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WEEKLY JOURNAL-MINER, WEDNESDAY MONN$, JANUARY 16, 1612.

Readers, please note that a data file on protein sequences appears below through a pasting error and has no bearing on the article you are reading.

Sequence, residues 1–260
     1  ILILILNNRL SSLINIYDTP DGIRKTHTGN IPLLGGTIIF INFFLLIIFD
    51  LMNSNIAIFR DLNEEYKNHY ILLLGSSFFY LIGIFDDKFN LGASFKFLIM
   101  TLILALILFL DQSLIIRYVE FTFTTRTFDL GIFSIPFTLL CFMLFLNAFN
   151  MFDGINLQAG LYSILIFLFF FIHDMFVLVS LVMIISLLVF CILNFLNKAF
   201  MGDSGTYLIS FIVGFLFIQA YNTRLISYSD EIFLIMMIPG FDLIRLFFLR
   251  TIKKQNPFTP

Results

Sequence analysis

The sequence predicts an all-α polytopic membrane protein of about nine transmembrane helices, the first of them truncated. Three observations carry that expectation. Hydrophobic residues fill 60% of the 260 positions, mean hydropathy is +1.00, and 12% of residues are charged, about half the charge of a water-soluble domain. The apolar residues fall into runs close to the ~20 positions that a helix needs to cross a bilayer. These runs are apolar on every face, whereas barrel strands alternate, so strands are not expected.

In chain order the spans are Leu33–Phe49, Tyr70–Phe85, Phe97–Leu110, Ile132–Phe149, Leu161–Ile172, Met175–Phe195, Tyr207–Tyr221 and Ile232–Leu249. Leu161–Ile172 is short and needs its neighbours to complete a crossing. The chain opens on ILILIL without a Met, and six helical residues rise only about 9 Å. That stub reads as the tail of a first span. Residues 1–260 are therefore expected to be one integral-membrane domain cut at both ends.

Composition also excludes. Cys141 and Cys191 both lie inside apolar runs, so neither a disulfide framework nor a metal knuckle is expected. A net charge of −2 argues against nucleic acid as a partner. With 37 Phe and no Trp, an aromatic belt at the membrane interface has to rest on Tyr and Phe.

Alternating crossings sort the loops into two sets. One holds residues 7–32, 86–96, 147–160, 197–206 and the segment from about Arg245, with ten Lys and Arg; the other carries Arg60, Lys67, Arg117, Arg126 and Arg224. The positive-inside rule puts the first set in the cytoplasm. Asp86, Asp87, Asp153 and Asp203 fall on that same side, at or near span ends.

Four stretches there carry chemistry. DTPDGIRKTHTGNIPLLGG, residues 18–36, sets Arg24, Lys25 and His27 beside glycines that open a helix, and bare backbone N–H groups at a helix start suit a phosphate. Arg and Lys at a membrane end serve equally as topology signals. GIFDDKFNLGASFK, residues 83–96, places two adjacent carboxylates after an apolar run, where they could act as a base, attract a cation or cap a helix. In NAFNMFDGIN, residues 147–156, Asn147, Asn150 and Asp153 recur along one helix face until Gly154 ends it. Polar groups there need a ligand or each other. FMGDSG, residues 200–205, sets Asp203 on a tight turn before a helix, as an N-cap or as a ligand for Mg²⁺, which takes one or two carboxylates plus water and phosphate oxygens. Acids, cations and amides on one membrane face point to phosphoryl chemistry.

pa;ge THREE YOUNG OFFICER IN IMPORTANT SERVICE LIEUT. E. L. TOMLINSON, RECENTLY COMMISSION ED IN ARMY, COMMANDS MACHINE GUN COMPANY AT CAMP LEWIS. (From TTHiriay's Daily.) Ed. I- Tomlinson, who successful ly passed the examination at the of ficers training school at the Presidio, San Francisco, is on duty at Camp Lewis, Washington, as" a lieutenant, and has been assigned to important duty, commanding a machine gun company, with a full battery. He has received orders to proceed to Fort Sill. Oklahoma, for snccial instruc tion, and it is stated that he will later be given a commission as captain. Lieutenant Tomlinson entered the service from Nevada, but retained Prescott as his home in the applica tion lie made. In Nevada he left a lucrative Dosition as superintendent of a mining company, and spurned all overtures made to withdraw his ap- nlication. even at an advance in salary. He made Prescott his home for many years, following mine en gineering, and is the eldest son of Mr. and Mrs. J. B. Tomiinson, who are residing at the Venezia camp in Crook canyon. AUSTRIAN ATROCITIES TIPOM SERVIANS ALMOST BEYOND HUMAN BELIEF LONDON, Jan. 9. Compelled to illtr their own graves, drowned, bum ed alive, hanged, or shot down with machine cuns. the Serbians of Her zegovina, Bosnia, Istria and Dalmatia were 5 he victims of Austro-Hungar- ian atrocities, surpassing the human imagination, recently declared Dr. Trcsic Pavieic, a Slav member of the Austro-Hungarian Chamber of Depu ties. Narratives of Serbians made prisoners in Austrian jails and fort-j resses were related in detail before the Austrian parliament by the Slav deputy. ' Acording to Dr. Pavieic, these out. rages were practiced upon the civilian population, old men, women and chil dren, when orders were given by General Potiorek, described as the autocrat of Bosnia, to remove all the Serbians from the frontier districts. The inhabitants of the village of Svice, young and old, were all led away and on arrival at Mount Rudo, were compelled to dig their own gra ves and to lie down each in his own, Many women, the deputy said, lay down;in their graves with children in their anus and the soldiers then shot them one after another, the living putting earth over the dead until their own turn came. The ordinary method of executing these civilians who should have been interned, said the Slav deputy, was to hancr them, but instead the whole Scrbo-Montcncgrin frontier has been transformed into a desert. Uighty two persons, he said, were hanged without trial at Zubac. 103 at Trebin- jo, 71 at Foca and 300 at Tuzla. He gave the names of victims ana tne ,ntc and localities of the outrages nf tlmsp who were not executed, he declared, the very young and the aged died of destitution. It was the vigor ous. competent, and courageous who were arrested, fasely accused, con .loinned. tortured and executed. The deputy was informed he said, that 5, 000" persons had been arrested in Dal matia, Istria and Carnoiola. Dr. Pavi eic was one of those arrested, herded with brigands, insulted by Hungarian soldiers and beaten with rifle butts. Many of his fellow prisoners lost their reason and he saw one hurl him self from a train under the wheels of another which was passing. Thous ands of Serbians, he declared, were taken for interment to Mostar, Her zegovina, to Ooboj, Bosnia and to Arad, Hungary. Upon these unfortunates their jail ers inflicted peculiar punishment ac cording to the narratives of two sur vivors related by Dr. Pavieic One of these jailers at Mostar was char acterized in the speech as a "feroci ous beast" who beat his prisoners with a hooked baton of iron which he called "Kromprinz." A priest named Tichy afterward died at Arad, Hun gary, as the result of the tortures this jailer inflicted. If those gathered at Mostar sur vived, they were transferred later to Arad where "thousands of living skeletons were congregated from Bos nia and Hcrzcgovian," said the de puty. Famished, naked, half-dead from the blows of rifles and bayonet thrusts they were driven to the case ments of the Arad fortress. In its subterranean corridors they died in masses from typhus. "As the davs become colder." said Dr. Pavieic, "they took clothing from the dead to clothe the naked, the number of deaths at Arad is estimat ed at between 3,000 and 4,000." At Doboj things were worse. Along with Serbian and Montenegrin pri soners came crowds of civilian old men, women and children driven from home and forced to travel in open cattle trucks. Hunger was found to i be the simplest and encapest means of sending these people to another world. Oftcn-.thc mother would be dead when her little child shook her to ask for bread. Trustworthy figure's show that more than 8,000 innocent victims met their death in these places." GREEN MONSTER WILL DEVELOP BKOUK-SriltCB, T F.ROME. Ian. 9. At a meeting of the Grctn Monster directors, held here this week, it was practically de cided to start development at the old Rrookslurc workincs. A dctinitc de cision will probably be reached at another meeting to be held here two weeks hence. When Gcorcc Brookslnrc owned part of the present Green Monster estate a shaft was sunk about 200 feet on a promising showing and splcnd"d indications were opened. That Shaft is now filled with water. A lnne tunnel was run to cut under the shaft about 250 feet from the bottom, but it was never completed. One year ago the Green Monster Pomnanv had tracks laid in the tun nel, and had all plans made to ex tend it under the shaft, but that plan laQ dronncd for lack of power. The tunnel will not only open one of the most promising ot the Urecn Monster showings, but it will provide This is the principal ad vantage to be gained by tunneling rather than sinking. President Ncill E. Bailey, W. S. Humbert. W. W. Lawhon and Dave he directors in at- tnnilniiri at the mcctintr. llailrv. Humbert and Morgan made an examination of the Green Mon ster while here. They found that the crosscut west from the Dorothy May shaft, on the 500-foot level, was not through the ledge to the footwall. If ore is not found on the footwall the shaft will be continued to greater depth. In the Gorge tunnel workings a drift has been run 90 feet through altered dioritc, well impregnated with chalcopyritc No average samples have been assayed, but individual samples run all the way from 1 to 10 per cent copper, lnis showing is now to be crosscut to determine its width and a winze may be sunk. YAVAPAI CATTLE GROWERS HOLD MEETING (From Wednesday' Daily.) For the nurDose of' considering matters vital to the range cattle in dustry, the more essential ucing tne land leasing question, the iavapai Catth Growers' Association convened in this city on Monday night to shape up a plan of future action. Tho modification of present laws was considered, and will be acted upon r.ext month when the btate rnt!p:nen's Association meets at No- rmles ot. Feb. 14. 15. and 16. At that time it is the purpose to prepare questions to be submitted to the State and to also answer all questions which the State may ask, and in which it is anticipated there will be concurrence in the plea of the range inilnct rv. The initial meeting was well attend ed, in which every range section of this county was represented, rctlcct ing the interest shown as the situa tinn at nresent is considered iinpor tant. The election of new officers also took place, resulting as follows: (M. A. Perkins, president, re-elected; C. E. Stewart, vice-president; M. B. Haieltinc, treasurer; C E. Gentry, secretary. The following were elected ac the. executive committee: Harry S. Knight, of Walnut Grove; Flovil Rnrmister. of Acua i'ria: J. V Dickson, of Skull valley: J. W. Stew- art oi Williamson valley; Ben Stew Tuesday an adjourned meeting was held, :nd an advisory board elected, consisting of the following: F. A. Reid, chairman, of Seligman; J, W. Stewart of Williamson valley; Harry d Vnlfht. of Walnut Grove: O. A. Lange, of Prescott; Ben Stewart of Maver. Reports of conditions from all sec tions of the range country were re ceived and the situation as a whole was irtrarded as satisfactory. Action was taken for the county to be represented at the annual conven tion .-.f the N'ational Stockgrowcrs' Association, which convenes at Salt Laki City on January 14, 15, and 16, President M. A. Perkins signifying his intention to participate. nrvMT? nPV" T1RTNKS ARE MUCHLY VARIED fFrnm Thursday's Dailv.) The undertakers over at Kingman in said tn be workine overtime since the Violet cocktail became popular in Mohave county. The Violet cock tail is composed of Jamaica ginger, sugar and water. The. Delirium Fizz is all the rage down in Maricopa county. It is made from diluted wood alcohol, powdered sugar and vanilla extract. Out in the alley behind one of the establishments on "Whisky Row" a bunch of convivial sports were seen drinking a concoction known as the Aurora Borealis, the drink making a big hit apparently. This is composed of bay rum, Pcruna and seltzer. Jerome is said to prefer a mild lit tle drink known as the Whang Whiz, zer, made up of witch hazel and sweet spirits of nitre, while Ash Fork is getting along temporarily on the Snake Developer, a cheering little de coction whose component parts are peppermint, Sloan's liniment and molasses, LAW POINTS IN BIG CASE ARE ARGUED COPPER QUEEN'S ACTION AGAINST BINGHAMTON GETS INTO COURT FOR PRELIMINARY PROCESS; BIG DAMAGES ASKED. (From Saturday's Daily) Quite an array of legal talent was in the Superior court yesterday after noon when the argument of the law points involved in the action of the Copper Queen Gold Mining Company vs. the Arizona Binghamton was opened before Judge Sweeney. Norris and Spalding, assisted by A. H. Fa vour, were present to represent the plaintif', while the defendant's inter ests were in the hands of LcRoy Anderson, assisted by Attorney Geo. Purdy Bullard of .Phoenix. The Queen is suing the Binghamton tor $200,000 for alleged breach of con tract, tl'.e companies having at one time entered, it is said, into a con tract whereby the defendant was to treat the ores of the plaintiff. The complaint charged that the Bingham ton had failed to carry out its part of the agreement, thereby causing a material loss to the plaintiff. The attorneys representing the defendant were given ten days by the court in which to cite and file; .authorities supporting their contentions. The defense was given a like period to prepare and file an answer, and then if the plaintiff so desired, it could have five days additional in which to file a reply to the defendant s ans wer, f ollowing this process, inc case will come to trial. Sues for Wages, J. C Atkinson yesterday filed suit in the Suncrior court asking for a! judgment of $1008 against Mrs. J. G. Pierce. According to the complaint, the plaintiff performed the duties of watchman at the Button and Ora mines, the property being owned by the defendant. His period of service extended from December 20, 1914 un til November 21, 1915. and despite the fact that the plaintiff has repeatedly asked the defendant for his pay, he has never received it, so the com plaint states. Want Title Quieted. William and Theodore Schutz yes terdav bczan actum in court against.be based. Tark Rioaded for the nurnosc of Jack Btoadul for the J' rnsc .' clearing their title to a group of mm-)aml ing claims in thc Black canyon dts - tnct. I he complaint sets lorui fact that the claims were located by! thc plaintiffs in 1908, and that they have ever since performed the re-. quired annual assessment work. In some undisclosed nianr.cr Broadcd secured some sort of a claim against thc property, the complaint alleging that the claim was not a valid one. The court is asked to declare the(t Johns plamtitls the sole owners oi uic nronertv. Divorce Suit Ended. . Thc divorce suit of Mrs. Minnie I.ajAsh Fork Jucncssc against Fred La Jucncssc . . .t. occupicu most oi inc nine uuinin yesterday's session, thc submission of evidence having been completed late in thc afternoon. Judge Sweeney took the case under advisement and will render a decision later. Mrs. I.a Jucncssc offered as an exhibit a large six-shooter, and told thc court of a struggle in which she and her hus band had engaged in for thc posses sion of thc gun. Thc plaintiff also told -the court that her spouse had often abused her and made false ac cusations against her character. The husband replied to the suit by filing a cross-complaint, in which he asked for the custody of thc three children of thc couple, alleging that the moth er was not a fit person to be en trusted with thc custody of the youngsters. ILL-FATED REWA WELL KNOWN TO LOCAL MAN (From Friday's Daily.) In connection with thc report of thc torpedoing of the British hospital ship "Rcwa" by thc Germans, thc ac count of which appeared in thc Journal-Miner of yesterday morning, a very interesting local story has de veloped, Alfred E. Landman, Pres cott auto dealer, writing that his brother. Dr. Leo Landman, had charge of thc ill-fated steamer for a period of about two years, and that he was but recently transferred to a job on land. Mr. Landman's let ter of jestcrday is as follows: Editor Journal Miner: I sec in this morning's paper under the heading "Huns Indulging in Fa vorite Pastime" an account of the sinking of thc hospital ship, Rcwa. To show how far the effects of this war reach, I am enclosing a letter from my eldest brother, who for more than two years had charge of the Rcwa. Thc enclosed letter, written at thc time he took charge, shows that there were more than 800 pat ients aboard. From thc story in the Journal-Miner, I note thit at thc time jf the sinking there were for tunately but 55 persons on board. The Rcwa had never been anything but a hospital ship, and it was stationed most of the time near Malta, so thc sinking by the Germans must have J been deliberate in everyvay. A. E. LANDMAN The letter from Dr. Landman, is 'dated August 8, 1916, and is, in part as follows: " you will see by this letter head that I now have a new appoint ment, and so far I like the change very much. We arc a merry crowd of doctors, although at times we are very busy. We had more than 800 wounded men aboard a short time ago. Now we are empty, and are en joying life somewhat, playing cricket on deck as a pastime. 1 saw my chil dren a few days ago for the first time in more than a year. "Your brother, "LEO." FUNDS SOLICITED FOR WAR WORK OF K. OF. C. (From Friday's Daily.) The Knights of Columbus, under the authorization of the gqvrrnmcnt, have established recreation centers at the United States army camps, both at home and in France. Nearly $3,000,000 has been raised by the members of the order. The demands have become so heavy that it will be necessary to ask the public generally for support. The K. of C centers arc open to all army and navy men regardless of creed, the work being purely patrio tic. The collection of funds is being conducted by the order through its councils. There is no expense in connection with this, no paid agents or commissions. The administration of the fund and the war activities is under the officers and clerical staff , , ,. . ,. . f . i. i of the Knights of Co umbus and s J?rlr who , I" The bonded officer who are now responsible for $5.000000 nsuranee fund. -.y.11 handle this money future years. He had not an oSL.A: -nberless financial secretary, respectively, of the local council, together with Joseph H. Morgan and E. J. F. Home as a special committee. Local con tributions arc being handled by E. J. F. Home, of Martindcll & Home. TNPOME TAX TS PAY ABLE IN FEW WEEKS! ' PHOENIX, 'Jan. 10. The State council of defense has been asked by the collector of internal revenue tolticimr his profession. Scores of give as much publicity as possible to the fact that the special representa tive of the latter who is to take charge of the collection of the new income taxes, will make his visits in the "towns of the north part of the State during the next few weeks. When the collector calls, it will be the duty ot 'Allc:i Hill arrived in Prescott m Uncle Sam's patriotic nephews andi899, coming from Illinois, where he nieces to give a full schedule of their was born 56 years ago. He entered earnings and incomes of other sorts,, and upon these returns the tax will J he dates upon which the collector; will visit points in Yavapai county I other a(ljacont territory are the j , follow-ng: ! ciarkdalc Jhn. 7 to 13 Jerome Jan. 14 to 19 Prescott Jan. 21 to 31 Mayer Feb. 1 Humboldt .. ..IJ.' .'.-.Feb 2 Wickcnhurg Parker ..... Bouse Swansea . . . .-..'.Feb. ... Feb. , Feb. Feb. 4 to 6 8 to 9 Holbrook . . Jan, 16 to 19 Jan. 21 to 26 Wmslow Jan. J8 to JI I Maestaff rcu. l 10 v f.o 1 Williams ...i-eo. n to w -1. t I. I. ..I U 4m 1 S .....Feb. 14 to 15 i vligman ! Kincrman Feb. 16 Feb. 18 to 23 Kingman Chloride ....Feb. 25 to 26 Oatman Feb. 27 to 2 HARRY HEAP ELECTED MAYOR OF PRESCOTT (From Wednesday's Daily.) Harry Heap was elected mayor of Prescott in the municipal election held here yesterday, defeating T. B Hicks, the Socialist candidate by 268 votes. Heap receiving 437 votes and Hick? 169. Frank Williams was re taincd as city tax collector and asses sor, deleating both thc Republican and Socialist candidates by a comfort able margin. E. H. Meek, Republi can, .o!!cd 140 votes, -while Mrs. Cora Storts, the Socialist candidate, re. ccivrd 88 votes. A. L. Smith will continue in his capacity as councilman, while Wil liam I'.ycrs, Democrat, will succeed W. l Richards in thc council. Smith who i an on the Republican ticket, re ceived 416 votes and Byers 344. The two Socialist candidates for council- men, Charles P. Myers and Harold McMillan, received 113 and 87 votes respectively. Thc election of this year seeming ly di.l not create the popular interest usually manifested in the municipal campaign, and thc total vote of thc day was 647. Out of thc entire vote, only one ballot was mutilated, some voter having written the names of the Socialist candidates in the column intended for thc Republican candi dates, and then marked them out with his rencil and voted the regular Socialist ticket. Mr. Heap will assume his position as mayor at the February meeting of thc council, Messrs. Byers and Smith taking their places at that time. Smith is already a member of thc council, and like Frank Williams, the tax collector, will merely continue with his duties instead of being inducted into an office which he never before filled. Mr. Heap succeeds W. II. Timcrhoff as thc city's chief execu tive, Mayor Timerhoff having held thc place for several years ,or until he became tired of his job and refused to run again. Try a Journal-Miner want ad. ALLEN HILL DIES E TO POPULAR PRESCOTT AT TORNEY PASSES AWAY ON SANTA FE TRAIN; DEATH OCCURRED NEAR IRON SPRINGS. (From Friday's DaKy.) Allcr. Hill, the well-known Pres cott Mtorney, died quite suddenly at about 5 o'clock yesterday evening on the train upon which he had started for Phoenix with the hopes of bene fiting his failing health. Neuritis was the cause of the sudden taking off of this popular business man. The train left this- city at about 4:30 in the af ternoon and when it had reached Iron Springs, Mr. Hill was seen to grad ually cease breathing, his'death hav ing been a most peaceful one. In company with his sister. Miss Molli.; Hill and Attorney Robert E. Morrison, Mr. Hill boarded the train here, and, for lack of a Pullman, he managed to make himself comfort able on two scats which had been turned so that they faced each other. It was not known at that time that the p.-.tient was in such bad shape, and he was seemingly bouyant and I ills usual ecniai uisuumuuu nut iiui i. disturbed a he faced the inevitable. Of this popularly known M of therc !s nulch . . a WiiM. for those near . . , f d, h ri$ll friends He was an exception to the aver age man. Always kind and obliging, and ileasantly evading any issue wherein harsh words or the bitter feeling was shown, the deceased for these beautiful virtues had won the esteem and affection o fall. He was a student of the law, and for over 17 vrart had hern hv the side of Attor ney Robert E. Morrison, first as a t stenoaiapher. and in later years prac clients of Mr. Morrison will fondly remetrber the one who is gone and sadlv recall him who was trusted and whose private as well as professional career leaves no mark behind other than that of being faithful and con- scientious from beginning to end. the cfiicc of Robert E. Morrison, who was at that time United States ( attorney of Arizona as, a clerk. In the succceding years Mr. Hill never leu thc familiar scenes, and he continued faithful to a trust to the end. The fatal affliction to end his life first appeared over a year ago, and when the summons came he passed awaj miic-'b and without the slightest suf fering. The only survivor of the familv is Miss Molly, the sister, both ihavine been constantly with each other for many vears. Th; remains were brought from Skull valley early last night by Lester Ruffncr and after arrangements are mailr announcement of the funeral lnav w.11 he nrinted i ARIZONA DAISY IS MAKING HEADWAY (From Wednesday' Daily.) The first annual meeting of the Arizona Daisy Copper Company was held in this city yesterday, when the following were elected as directors for thc cnusing year: J. W. Jenkins, J. Frank Crawford, W. S. Foutz, Joseph A. Rees, and M. S. Shackel ford. Thc report submitted by the board of directors showed that the company started development on May 10, 1917, and had continued constantly to the present time, driving the working and drainage tunnel to a depth of 455 feet on the Daisy Dell vein, passing over two ore shoots as the red oxide ore in the bottom of the tunnel shows. A recent survey discloses that the tun nel is very near thc rich shoot that was uncovered in the discovery shaft some years ago by J. W. Jenkins, one of the original owners. After the stockholders' meeting, the board of directors organized by re electin.'? J. W. Jenkins, president and general manager; J. Frank Crawford, vice-president, and W. S. Foutz, sec retary-treasurcr. Announcement was made that thc company is being am ply financed in thc East to continue development. INCOME TAX MAN COMING TO HELP MAKE OUT RETURNS (From Yvednesday's Daily.) In a communication received by this paper. Collector of Internal Revenue, Louis T Carpenter, an nounces that a federal income tax of ficer will be sent into this county on January 21st and will be here until January 31, 1918. He will have his office in Prescott and will be here every day ready and willing to help persons subject to the income tax make out their returns without any cost to them for his services. Returns of income for the year 1917 must be made on forms provided for the purpose before March 1, 1918. Because a good many people don't understand the law and won't know how to make out their returns, the government is sending in this expert to do it for them. But the duty is on the taxpayer to make himself known WHILE ENROOT PHOENIX to the government. If he doesn't make return as required before March 1 hn mfiv lirv tn nnv n npnaltt- ranc. t J - - - - i j j o . ing from $20 to $1,000, pay a fine or go to jail. So if you don t want to take chances on going to jail, you better call on the income tax man. If you arc not sure about being sub ject to the tax, better ask him and make sure. Whether you see the in come tax man or not, you must make return if subject to tax. Of course, persons resident in other j counties may, if they want to, come and sec the income las man who will be at Prescott. The collector suggests that every body start figuring up now his in come and expenses so as to be ready with the figures when the expert ar rives. Expenses, however, don't mean family expenses, money used to pay off the principal of a debt, new ma chinery, building, or anything like that. They mean what yon spend in making your money interest, taxes paid, hired help, amount paid for goods sold, seed, stock bought for feeding, rent (except for your dwel ling), etc. Income includes about every dollar you got. BREAK THE DULL GLOOM OF LIFE AT KEARNY (From Wednesday's Daily.) Hanv who have returned from Camp Kearny during the past two weeks dwell on one matter of inter, est in that military center, and that is thc neglect of friends and relatives to write the soldier boys, which creates the impression that they have gone only to be forgotten A message from home is received j with that satisfaction and elation that) only thc absent one knows, and ondustry generally and tor Copper Ba the arrival daily of the mail the long: sin specifically. The new company line sees many an anxious one who is i has extensive mining and oil inter- eagerly anticipating news from some one at home. Observing, the disappointment ol several a short time ago as they turn ed their backs to return to quarters, said a recent arrival, thc scene was trying and on the other hand those who were remembered showed by the gleam in their eyes that the world seemed brighter and with a cheery smile told the news to the one who had been forgotten. Said an arrival from Kearny a few days ago: "Army life- has passed out of its novelty, and is now of thc dull monotony; a letter from a friend or a bit of tobacco evokes decided expres sions of pleasure and contentment I was there when Red Cross packages were freely distributed and it was re-markablt- to witness thc appreciation of thc Yavapai boys as each received thc silent message of good will from home. Neglect induces homesickness and a little bit of personal considera tion brushes away the gloom. Keep our boys in action with tidings from home. They dispel that feeling of anxiety and freshen up their dull life. Keep homesickness . away from Kearny, and do your bit cither by word or deed. The Yavapai boys arc making good, and you'll hear from them. But in thc meantime let them hear from you." PRESCOTT PAUPER WORTH $250,000 (From Wednesday's Daily.) Advices have been received in Prcs cott from Denver which will occasion very much surprise when it is learn ed ;lut John Knowlcs, who died in that city on December last as an im mate of the county hospital, friend less, alone and apparently penniless, was the owner of an estate valued at approximately 5250,000. This state of affairs was revealed after an investigation was made of his Denver holdings, in which a local real estate dealer gave out this informa tion, stating that he had busines dealings with thc deceased1, for many years, or during his absence from that city in Arizona. Knowlcs, it was learned yesterday, wor.c"l at placer mining on Willow crcetc, occupying one of thc old cab ins of Frank Spcncc, and he made ef forts to be admitted to thc county hospital here to be treated for rheu matism. He subsisted to a large ex tent from refuse of restaurants and appeared to be of the pitiablt class ol paupers. He was about 70 years of age. YAVAPAI COWBOYS WHEEL INTO LINE FOR THE RED CROSS (From Friday's Daily.) During thc past week several cow boys, who visited the city formally agreed at Dr. C. W. Pardee's stables in a preliminary meeting, that they were desirous of assistang any cause where the war figured, and yesterday thc Red Cross was decided upon. Thc plan is to hold a range tourna ment, one week from tomorrow, but the selection of a place is held up. If weather conditions are favorable Prescott will be chosen, if not Kirk- land V3lley. Many of thc range boys have friends in the army, and this will be their first opportunity in a collective way to assist them and thc good cause. A dance will close the day, and every cent outside of actual expenses is to be contributed. COMMITTED TO ASYLUM (From Friday's Daily.) William Guy McClintock, age 26, was yesterday committed to thc State insane asylum at Phoenix, a commis sion composed of Drs. Looney and McNally having pronounced the young man of unsound mind. The patient was taken to Phoenix yester day afternoon. McClintock was a resident of Cottonwood. OPERATORS BASIN FIELD -. ,,,o WELL-KNOWN MINING SYNDICATE TAKES OVER THE ARIZONA PORT LAND, THIS WEEK AND OPERATIONS BEGIN. (From Friday's Daily) What is regarded as one of the most important mining movements in many years in this field, is the an nouncement made by those interested of the sale of the copper holdings o! thc Arizona Portland Company in Copper Basin, the operators succeed ing to this holding being the Inter national Syndicate of Mines and Smelters, a corporation holding a charter from thc State of Delaware. Thc representative in this big deal was L. P. Morgan, who is the con sulting engineer, and who also is to direct operations as general manager. Mr. Morgan is now in this city, and stated yesterday the formal transfer of the property was consummated this week, and initial exploration has started. Thc fact of the above large tnining company entering thc above field, to gether with Mr. Morgan deciding to i make this city his principal base of onerations. are matters of very much importance for the future of the in- ests throughout the nation, and ona of their principal holdings is that of the famously known La Bonito Oro of Mexico. Mr. Morgan, through whom this deal is due, is a geologist who enjoys world-wide prominence, his fields embracing Africa, South America and thc United States. His advent to Arizona is due to observa tions made several months ago in Copper Basin, where he quietly con ducted investigations, and arriving at absolute determinations, concluded to act in taking over the Portland. Negotiations had been progressing for some weeks and the climax came only a few days ago. In outlining plans for thc develop ment, Mr. Morgan stated yesterday depth will be the integral factor of this undertaking, and from which he is sanguine of results. "There is only one solution for successful mine op erations, and that is to give great depth," he said. Continuing, he stat ed that Copper Basin has an attrac tive inducement for this action to he extended, and his company is equip ped' to accomplish that purpose. Under this new arrangement the Portland has swung into activity al ready in a practical and energetic manner. Two shifts arc at work, ma chinery is en route to increase the power facilities, and a complete elec tric system is to be installed forth with. New camp buildings arc to bo erected, and an incidental line of im provements made. "But," said Mr. Morgan, "thc essential consideration of my company is to be centered to ward mining, and after we have made headway and if conditions warrant, the big' camp will come." Thc first car load shipment of ore will leave later in thc month for Humboldt, and arrangements arc be ing made to ship to thc Selby Com pany at San Francisco, which has facilities to handle the molybdenite which is associated with the main values in copper. The new operators are also think ing of bringing a plant from one of their units in New Mexico, that has a. capacity of 500 tons, and this will be done just as soon as the Portland situation warrants. THESE BOYS HAVE FAILED TO SEND IN ANSWERS (From Wednesday's Daily.) The names of seven men we.re yes terday "added to thc list of those who have so far failed to return their questionnaires to the local board, they being thc following: Gamisando Lucero, Hillside. William A. Ely, Clarkdale. John Topich, Jerome. Rafel Govna, Clarkdale. Julio Encinas. Jerome. Jose Gutierrez, Stoddard. Don J. Tomlinson, Golconda, Ne vada. The board yesterday ordered the names of Five stricken from thc list of alleged slackers issued on January 7th, they having since filed their questionnaires together with a good excuse for their tardiness. The five who were removed from thc laggard list are thc following: Duro Donzett, Jerome. Antonio Chavez, Flagstaff. George Marro, Dewey. Philip Kauzlarich, Jerome. William Pruett, Humboldt. VENEZIA REVIDED. (From Thursday's Daily.) J. B. Tomlinson, general manager of thc Venezia Gold Mines, was a visitor yesterday, stating that the property was again in action after a suspension of several years, and so far as preliminary operations were to be considered, conditions were grati fying. The Satisfaction claim is the point where operations have been centered, and where Mr. Tomlinson states, some very important deter minations have been made during the past jnonth. The property is to be kept moving, and later the mill starts to drop stamps. Journal-Miner for fine job work. Pin UIU ENTER